global holder on mouseUp put field "start" into holder end mouseUp
Here is the script of Button 2:
on handler2 add 6 to holder put holder into field "result" end handler2
When Button 1 is clicked, the global variable holder is given the value of 12. This value is then accessible to all handlers in that script, and in any script where global holder is declared. Thus, after Button 2 is clicked (assuming Button 1 was clicked first) the value of holder, and of field "result", becomes 18.
Variable Scope—Handler-local Variables. Contrast this to the case where no global variable is declared. So the script of Button 1 would be:
on mouseUp put 12 into holder end mouseUp
Button 2’s script would be:
on mouseUp add 6 to holder put holder into field "result" end handler2
In this case, holder has a value of 12 while Button 1’s mouseUp handler is running. But holder has a value of 6 after you click Button 2 (because it is adding 6 to nothing.) Unless the variable is declared as global (or local) outside of the handlers the variable and its value are temporary and limited in scope to the handler in which it was created.
Local and Global Variables inside a Handler. It is also possible to declare local and global variables inside a handler within a particular script. This would make the variable accessible only to the handlers in which the local or global variable is declared. For example:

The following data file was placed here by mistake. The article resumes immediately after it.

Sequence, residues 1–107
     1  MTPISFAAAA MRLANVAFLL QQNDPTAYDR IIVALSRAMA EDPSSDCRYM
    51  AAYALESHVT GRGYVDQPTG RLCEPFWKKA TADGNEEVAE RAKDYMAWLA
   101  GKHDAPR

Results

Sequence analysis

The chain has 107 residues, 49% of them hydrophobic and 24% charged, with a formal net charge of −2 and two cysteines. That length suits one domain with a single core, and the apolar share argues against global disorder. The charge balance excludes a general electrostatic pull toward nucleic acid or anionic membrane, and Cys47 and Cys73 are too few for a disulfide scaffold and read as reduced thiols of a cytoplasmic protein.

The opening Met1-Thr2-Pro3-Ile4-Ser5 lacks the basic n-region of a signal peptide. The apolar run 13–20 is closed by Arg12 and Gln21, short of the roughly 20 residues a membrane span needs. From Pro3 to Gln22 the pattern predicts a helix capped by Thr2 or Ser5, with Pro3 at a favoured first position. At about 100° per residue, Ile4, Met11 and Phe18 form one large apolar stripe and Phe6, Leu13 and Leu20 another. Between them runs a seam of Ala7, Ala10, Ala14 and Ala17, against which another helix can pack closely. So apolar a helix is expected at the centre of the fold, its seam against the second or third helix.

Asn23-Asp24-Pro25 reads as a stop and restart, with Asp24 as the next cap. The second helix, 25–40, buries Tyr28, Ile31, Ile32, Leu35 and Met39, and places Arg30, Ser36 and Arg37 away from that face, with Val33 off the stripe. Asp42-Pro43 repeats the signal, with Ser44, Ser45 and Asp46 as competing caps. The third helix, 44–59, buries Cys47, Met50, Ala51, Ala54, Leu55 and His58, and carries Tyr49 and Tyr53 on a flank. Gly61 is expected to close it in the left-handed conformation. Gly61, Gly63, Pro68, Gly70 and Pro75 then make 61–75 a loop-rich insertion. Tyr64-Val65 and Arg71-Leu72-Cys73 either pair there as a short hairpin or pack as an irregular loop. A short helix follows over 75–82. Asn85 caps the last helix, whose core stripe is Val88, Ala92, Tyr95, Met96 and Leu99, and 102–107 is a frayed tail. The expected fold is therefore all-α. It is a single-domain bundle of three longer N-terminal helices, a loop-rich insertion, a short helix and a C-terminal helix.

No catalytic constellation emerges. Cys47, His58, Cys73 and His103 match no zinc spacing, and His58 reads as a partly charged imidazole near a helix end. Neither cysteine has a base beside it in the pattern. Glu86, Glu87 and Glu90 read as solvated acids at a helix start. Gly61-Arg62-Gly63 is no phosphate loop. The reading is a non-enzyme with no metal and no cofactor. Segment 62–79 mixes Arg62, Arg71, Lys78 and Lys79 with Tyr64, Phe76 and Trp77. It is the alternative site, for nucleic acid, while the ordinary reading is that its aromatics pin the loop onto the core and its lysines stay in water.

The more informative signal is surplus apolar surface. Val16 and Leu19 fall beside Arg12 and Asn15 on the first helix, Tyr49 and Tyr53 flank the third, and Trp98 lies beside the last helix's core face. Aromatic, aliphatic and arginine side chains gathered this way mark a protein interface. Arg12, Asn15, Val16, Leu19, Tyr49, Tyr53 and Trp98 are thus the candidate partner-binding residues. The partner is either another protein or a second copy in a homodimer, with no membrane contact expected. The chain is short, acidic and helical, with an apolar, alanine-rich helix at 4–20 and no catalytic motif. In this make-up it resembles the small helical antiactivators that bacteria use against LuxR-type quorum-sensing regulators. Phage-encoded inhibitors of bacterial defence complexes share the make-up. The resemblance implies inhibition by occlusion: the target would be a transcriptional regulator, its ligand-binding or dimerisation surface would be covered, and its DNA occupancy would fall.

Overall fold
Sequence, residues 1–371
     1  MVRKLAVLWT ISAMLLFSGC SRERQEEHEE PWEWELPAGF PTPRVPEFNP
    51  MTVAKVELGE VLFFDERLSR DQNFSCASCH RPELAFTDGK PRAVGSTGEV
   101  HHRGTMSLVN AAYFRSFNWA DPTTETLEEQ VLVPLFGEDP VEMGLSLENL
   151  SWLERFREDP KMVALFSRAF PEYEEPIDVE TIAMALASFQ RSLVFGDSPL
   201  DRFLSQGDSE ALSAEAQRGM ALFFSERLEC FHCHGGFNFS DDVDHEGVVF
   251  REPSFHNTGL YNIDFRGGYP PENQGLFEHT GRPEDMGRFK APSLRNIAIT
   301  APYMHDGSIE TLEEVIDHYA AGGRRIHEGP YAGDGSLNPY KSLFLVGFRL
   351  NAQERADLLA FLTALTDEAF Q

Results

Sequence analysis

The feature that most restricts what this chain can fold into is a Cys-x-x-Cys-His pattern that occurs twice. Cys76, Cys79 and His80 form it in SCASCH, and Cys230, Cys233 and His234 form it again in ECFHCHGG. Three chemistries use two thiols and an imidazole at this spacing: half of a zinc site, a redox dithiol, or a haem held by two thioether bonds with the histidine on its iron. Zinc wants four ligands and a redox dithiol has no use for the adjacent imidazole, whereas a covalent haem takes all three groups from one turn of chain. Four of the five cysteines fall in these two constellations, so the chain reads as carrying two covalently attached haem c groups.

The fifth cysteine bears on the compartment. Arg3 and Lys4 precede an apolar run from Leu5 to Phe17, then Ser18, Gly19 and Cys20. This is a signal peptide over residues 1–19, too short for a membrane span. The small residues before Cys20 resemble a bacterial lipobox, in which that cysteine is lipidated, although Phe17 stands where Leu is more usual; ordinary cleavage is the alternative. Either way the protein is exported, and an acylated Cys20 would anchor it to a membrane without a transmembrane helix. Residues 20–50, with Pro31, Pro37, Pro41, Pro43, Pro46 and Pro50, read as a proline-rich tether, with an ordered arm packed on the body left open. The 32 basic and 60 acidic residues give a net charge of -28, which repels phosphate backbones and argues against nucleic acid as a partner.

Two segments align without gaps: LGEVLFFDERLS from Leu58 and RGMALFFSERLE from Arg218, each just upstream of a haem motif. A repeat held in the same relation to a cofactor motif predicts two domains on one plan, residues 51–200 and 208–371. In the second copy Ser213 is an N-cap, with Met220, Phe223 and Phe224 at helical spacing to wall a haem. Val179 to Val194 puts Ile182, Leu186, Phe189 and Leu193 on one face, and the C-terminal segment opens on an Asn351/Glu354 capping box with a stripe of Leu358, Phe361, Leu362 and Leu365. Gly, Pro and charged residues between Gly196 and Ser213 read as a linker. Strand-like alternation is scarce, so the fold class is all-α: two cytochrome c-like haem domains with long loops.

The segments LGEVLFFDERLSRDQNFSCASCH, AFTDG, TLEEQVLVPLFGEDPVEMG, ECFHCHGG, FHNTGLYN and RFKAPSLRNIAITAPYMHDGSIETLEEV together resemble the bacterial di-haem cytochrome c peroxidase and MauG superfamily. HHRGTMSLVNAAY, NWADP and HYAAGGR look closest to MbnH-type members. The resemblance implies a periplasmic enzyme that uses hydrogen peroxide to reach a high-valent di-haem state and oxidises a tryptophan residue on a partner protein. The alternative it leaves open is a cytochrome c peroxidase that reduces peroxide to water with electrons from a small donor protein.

on mouseDown global holder put 12 into holder end mouseDown on mouseUp add 6 to holder put holder into field "result" end mouseUp
In this case, the global variable holder is available only to mouseDown (and any other script or handler in the stack that declare
holder as global.) It is not available to mouseUp.
Both local and global variables and and their values disappear when the stack is closed and removed from memory. So the variable and its value would not persist if you quit LiveCode and restarted it, for example.
The LiveCode keyword
it is a special-purpose variable that holds the results of the
get command (and several other commands you’ll learn about later). It can help to make scripts more readable. However, you need to be careful, because the
it variable doesn’t work the same as the pronoun "it" in English; that is,
it doesn’t know what its antecedent is simply from context. You have to make sure something is in
it before referring to
it. For example:
if there is a button "clickme" then put it into field "results" end if
if there is a button "clickme" then get the label of button "clickme" put it into field "results end if
A constant is a named container, similar to a variable. However, as the term implies, the value of a constant is fixed and cannot be changed. Some constants make it fast and easy to refer to certain characters or values that are commonly used. Others simply provide enhanced readability in scripts.
Text constants: LiveCode defines several text constants to provide special characters that cannot readily be typed in directly.
spacecan enhance readability of a statement in a handler.
Other constants: A number of other constants represent numeric and mathematical values, and can be used for convenience and readability:
Remember that these constants are not literal strings; they stand for their values, and so can be used as if those literal values had been typed into the command.
A literal is something that is the value itself. In LiveCode scripting, anything enclosed in double quotes is treated as a literal string; that is, the string inside the quotes is just what it is. This seems almost too obvious to discuss, but it is an important thing to understand, because of a quirk of LiveCode.